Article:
Battle of Assandun
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The Battle of Assandun (or Essendune) was fought between Danish and English armies on 18 October 1016. There is disagreement whether Assandun may be Ashdon near Saffron Walden in north Essex or, as long supposed, Ashingdon near Rochford in southeast Essex, England. It was a victory for the Danes, led by Canute the Great (Cnut, Knut or Knud), who triumphed over the English army led by King Edmund II ('Ironside'). The battle was the conclusion to the Danish reconquest of England.
"When the king understood that the army was up, then collected he for the fifth time all the English nation, and went behind them, and overtook them in Essex, on the down called Ashingdon ..."—Anglo-Saxon Chronicle
"There he [Edmund] quickly formed his line of battle, supporting it with bodies of reserve three deep... Meanwhile Canute very slowly brought his men down to a level ground; but king Eadmund, on the contrary, moved his forces as he had arranged them with great rapidity, and suddenly gave the word to attack the Danes. The armies fought obstinately, and many fell on both sides. But the traitorous ealdorman, Edric Streona, seeing that the Danish line was giving way, and that the English were getting the victory, kept the promise which he had previously made to Canute, and fled with the Magesetas [Magonsæte], and that division of the army which he commanded; thus craftily circumventing his lord king Eadmund and the English army, and by his craft throwing the victory into the hands of the Danes."—John of Worcester
The Anglo-Saxon Chronicle does not mention that Eadric had made a prior agreement with Cnut, but implies he was simply a coward. The Encomiast, however, writes:
"And according to some, it was afterwards evident that he [Eadric] did this not out of fear but in guile; and what many assert is that he had promised this secretly to the Danes in return for some favour."—Encomium Emmae Reginae
The Encomiast also gives other little details like Thorkell inspiring the Danish troops and there being a magic banner before the battle. The battle is said to have started "in the ninth hour of the day" and carried on into the night. The Danes:
... did not pursue the fugitives far, for they were unfamiliar with the locality, and were held back by the darkness of night... Then, when it was already past midnight, the victors, rejoicing in their triumph. passed the remainder of the night among the bodies of the dead. They did not, however, divide the spoil in the night, but in the meantime sought their companions, and gathering together in order to be more secure, remained all together in one place. At the coming of the morning light they became aware that many of their men had fallen in battle, and so far as they could, they buried their bodies. They also stripped the spoil from the limbs of their enemies, but left their bodies to the beasts and birds ..."—Encomium Emmae Reginae
King Knut fought the third battle, a major one, against the sons of Æthelred at a place called Ashington, north of the Danes' Woods. In the words of Ottar:
- At Ashington, you worked well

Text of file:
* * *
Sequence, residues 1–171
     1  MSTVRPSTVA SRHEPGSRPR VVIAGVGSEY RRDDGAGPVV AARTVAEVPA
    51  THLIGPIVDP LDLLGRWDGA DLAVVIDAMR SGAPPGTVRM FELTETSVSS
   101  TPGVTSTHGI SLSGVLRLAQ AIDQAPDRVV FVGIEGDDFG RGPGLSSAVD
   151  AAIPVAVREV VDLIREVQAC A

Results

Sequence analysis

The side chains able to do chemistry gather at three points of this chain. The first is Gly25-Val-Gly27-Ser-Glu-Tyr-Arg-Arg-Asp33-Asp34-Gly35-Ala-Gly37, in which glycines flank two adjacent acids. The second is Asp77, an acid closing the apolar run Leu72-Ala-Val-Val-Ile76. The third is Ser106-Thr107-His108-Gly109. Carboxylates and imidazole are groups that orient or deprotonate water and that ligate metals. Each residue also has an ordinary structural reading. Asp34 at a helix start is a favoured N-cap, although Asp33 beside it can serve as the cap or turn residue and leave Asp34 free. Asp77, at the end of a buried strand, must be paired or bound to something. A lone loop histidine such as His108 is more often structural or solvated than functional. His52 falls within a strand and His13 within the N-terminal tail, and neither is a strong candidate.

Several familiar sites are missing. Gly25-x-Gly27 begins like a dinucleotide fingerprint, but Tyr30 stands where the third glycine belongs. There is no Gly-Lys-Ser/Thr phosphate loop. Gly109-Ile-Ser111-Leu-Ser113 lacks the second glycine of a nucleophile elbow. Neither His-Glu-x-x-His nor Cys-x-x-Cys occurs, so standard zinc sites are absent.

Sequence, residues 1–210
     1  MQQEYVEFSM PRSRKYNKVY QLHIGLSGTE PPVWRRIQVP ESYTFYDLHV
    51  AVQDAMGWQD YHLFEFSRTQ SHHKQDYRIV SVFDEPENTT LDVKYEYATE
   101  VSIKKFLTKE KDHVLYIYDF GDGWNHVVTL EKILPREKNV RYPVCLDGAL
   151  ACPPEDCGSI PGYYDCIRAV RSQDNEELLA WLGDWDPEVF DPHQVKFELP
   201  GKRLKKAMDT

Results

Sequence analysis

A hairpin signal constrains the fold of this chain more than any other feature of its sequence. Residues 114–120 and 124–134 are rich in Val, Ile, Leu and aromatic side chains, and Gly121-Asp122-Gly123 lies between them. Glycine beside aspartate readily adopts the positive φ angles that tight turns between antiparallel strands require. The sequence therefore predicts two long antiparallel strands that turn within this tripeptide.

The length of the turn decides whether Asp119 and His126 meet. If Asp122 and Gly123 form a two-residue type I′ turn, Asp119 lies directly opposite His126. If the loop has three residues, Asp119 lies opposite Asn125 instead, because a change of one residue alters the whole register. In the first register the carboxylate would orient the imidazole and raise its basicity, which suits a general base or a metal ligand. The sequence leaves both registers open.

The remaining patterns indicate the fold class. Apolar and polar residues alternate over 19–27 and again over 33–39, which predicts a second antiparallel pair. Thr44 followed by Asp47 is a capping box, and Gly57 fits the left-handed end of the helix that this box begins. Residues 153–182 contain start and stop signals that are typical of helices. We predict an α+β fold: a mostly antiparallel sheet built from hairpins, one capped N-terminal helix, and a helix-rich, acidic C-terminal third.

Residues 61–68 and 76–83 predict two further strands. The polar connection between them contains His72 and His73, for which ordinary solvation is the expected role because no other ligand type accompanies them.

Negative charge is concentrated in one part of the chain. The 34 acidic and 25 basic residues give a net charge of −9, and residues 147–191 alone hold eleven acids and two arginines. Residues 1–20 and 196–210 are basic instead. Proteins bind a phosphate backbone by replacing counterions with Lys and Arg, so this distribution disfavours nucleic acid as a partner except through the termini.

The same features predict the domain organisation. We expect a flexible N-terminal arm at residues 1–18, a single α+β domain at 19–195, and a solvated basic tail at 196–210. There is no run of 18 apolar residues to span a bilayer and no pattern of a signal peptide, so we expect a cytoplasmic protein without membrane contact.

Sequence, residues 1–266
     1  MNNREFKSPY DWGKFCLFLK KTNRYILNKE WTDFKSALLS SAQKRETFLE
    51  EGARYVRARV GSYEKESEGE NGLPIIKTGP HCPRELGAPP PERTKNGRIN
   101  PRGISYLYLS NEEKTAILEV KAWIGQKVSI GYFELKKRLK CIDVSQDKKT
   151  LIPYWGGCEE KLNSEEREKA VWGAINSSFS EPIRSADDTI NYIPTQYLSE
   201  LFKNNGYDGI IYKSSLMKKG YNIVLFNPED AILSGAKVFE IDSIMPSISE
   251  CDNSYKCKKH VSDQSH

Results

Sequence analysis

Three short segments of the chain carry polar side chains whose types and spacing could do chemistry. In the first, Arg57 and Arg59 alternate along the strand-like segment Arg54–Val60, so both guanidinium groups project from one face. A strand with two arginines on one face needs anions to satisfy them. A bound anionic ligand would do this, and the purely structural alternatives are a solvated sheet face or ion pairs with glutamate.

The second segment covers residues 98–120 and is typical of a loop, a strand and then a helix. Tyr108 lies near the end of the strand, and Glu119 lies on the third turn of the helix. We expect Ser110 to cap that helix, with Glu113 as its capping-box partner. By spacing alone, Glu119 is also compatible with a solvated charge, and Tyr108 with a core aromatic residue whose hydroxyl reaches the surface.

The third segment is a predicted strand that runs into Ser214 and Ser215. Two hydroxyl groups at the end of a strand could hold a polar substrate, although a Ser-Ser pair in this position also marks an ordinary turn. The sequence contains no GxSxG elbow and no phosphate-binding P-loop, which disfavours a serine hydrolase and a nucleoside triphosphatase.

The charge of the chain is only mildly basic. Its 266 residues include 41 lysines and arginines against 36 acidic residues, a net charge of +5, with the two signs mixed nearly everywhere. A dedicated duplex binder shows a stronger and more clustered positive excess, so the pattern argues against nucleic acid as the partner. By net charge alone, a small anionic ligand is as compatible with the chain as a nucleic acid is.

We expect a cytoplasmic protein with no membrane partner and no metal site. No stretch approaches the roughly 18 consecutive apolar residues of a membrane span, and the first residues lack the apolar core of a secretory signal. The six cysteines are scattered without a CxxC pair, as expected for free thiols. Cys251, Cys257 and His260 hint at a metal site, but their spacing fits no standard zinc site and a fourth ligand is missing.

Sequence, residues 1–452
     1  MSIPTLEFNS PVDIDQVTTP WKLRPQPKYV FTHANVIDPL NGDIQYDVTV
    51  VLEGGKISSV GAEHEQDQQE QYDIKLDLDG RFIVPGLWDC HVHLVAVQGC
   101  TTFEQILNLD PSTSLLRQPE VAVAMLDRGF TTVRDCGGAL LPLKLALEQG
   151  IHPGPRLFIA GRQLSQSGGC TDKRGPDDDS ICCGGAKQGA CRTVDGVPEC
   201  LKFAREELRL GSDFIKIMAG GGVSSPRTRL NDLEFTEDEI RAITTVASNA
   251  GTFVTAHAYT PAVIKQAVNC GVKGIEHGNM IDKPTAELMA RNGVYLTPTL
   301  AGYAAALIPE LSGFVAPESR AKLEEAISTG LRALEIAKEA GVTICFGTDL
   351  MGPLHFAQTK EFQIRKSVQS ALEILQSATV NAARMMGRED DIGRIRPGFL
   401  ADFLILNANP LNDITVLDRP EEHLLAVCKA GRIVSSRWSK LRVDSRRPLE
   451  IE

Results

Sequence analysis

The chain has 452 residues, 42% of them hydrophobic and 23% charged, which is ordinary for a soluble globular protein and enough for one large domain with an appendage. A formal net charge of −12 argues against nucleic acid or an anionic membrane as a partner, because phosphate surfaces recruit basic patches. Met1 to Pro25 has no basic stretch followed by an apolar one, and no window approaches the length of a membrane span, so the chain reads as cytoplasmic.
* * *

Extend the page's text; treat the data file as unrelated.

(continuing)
- in the shield-war, warrior-king;
- brown was the flesh of bodies
- served to the blood-bird:
- in the slaughter, you won,
- sire, with your sword
- enough of a name there,
- north of the Danes' Woods.
Following his defeat, Edmund was forced to sign a treaty with Canute. By this treaty, all of England except Wessex would be controlled by Canute and when one of the kings should die the other would take all of England, that king's son being the heir to the throne. After Edmund's death on 30 November, Canute duly ruled the whole kingdom directly. Thus for the first time England became a single united kingdom, covering the same territory as it does today.
Canute was accustomed to building a church, chapel or holy site after winning a battle to commemorate the soldiers who died in battle. A few years later in 1020 the completion took place of the memorial church known as Ashingdon Minster, on the hill next to the presumed site of the battle in Ashingdon. The church still stands to this day. Canute attended the dedication of Ashingdon Minster with his bishops and appointed his personal priest, Stigand, to be priest there. The church is now dedicated to Saint Andrew but is believed previously to have been dedicated to Saint Michael, who was considered a military saint: churches dedicated to him are frequently located on a hill.
- Ælfric, Ealdorman of Hampshire
- Ulfcytel Snillingr, Ealdorman of East Anglia
- Godwine, Ealdorman of Lindsey
- Ethelweard, son of Ealdorman Ethelsige (son of Æthelstan Half-King)
There is another possible location of the battle; Ashdon, also in Essex. There have been many finds of Roman and Anglo-Saxon coins in the area. Historians have argued inconclusively over the two sites for years. There is some strong evidence: a couple of Anglo-Saxon wills that definitely show Ashdon as the battle site. Also, the 10th century wooden village church, itself possibly built on the site of a pre-Christian temple, was probably rebuilt in stone in the early 11th century, about the right time for Canute's conquest. Unfortunately little remains of the earlier structures, which were largely obliterated by the construction of the current church of All Saints during the late 13th to early 15th centuries.
- Smith, Ernest F. Fairbairn, W. H., ed. Tewkesbury Abbey. Notes on Famous Churches and Abbeys. . London: SPCK. p. 2.
- "Knut's Invasion of England in 1015-16, according to the Knytlinga Saga". De Re Militari. Retrieved 17 October 2011.[dead link]
- "All Saints Church, Ashdon, Essex - History". Retrieved 10 May 2013.
- Benton, Philip (1867). The History of Rochford Hundred.